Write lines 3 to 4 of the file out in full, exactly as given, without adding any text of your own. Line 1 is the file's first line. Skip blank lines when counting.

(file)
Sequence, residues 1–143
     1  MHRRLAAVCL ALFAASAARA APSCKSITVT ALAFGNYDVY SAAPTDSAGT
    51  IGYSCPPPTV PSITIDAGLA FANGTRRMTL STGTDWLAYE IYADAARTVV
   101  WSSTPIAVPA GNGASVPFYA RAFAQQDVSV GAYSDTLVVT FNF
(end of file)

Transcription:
    51  IGYSCPPPTV PSITIDAGLA FANGTRRMTL STGTDWLAYE IYADAARTVV
   101  WSSTPIAVPA GNGASVPFYA RAFAQQDVSV GAYSDTLVVT FNF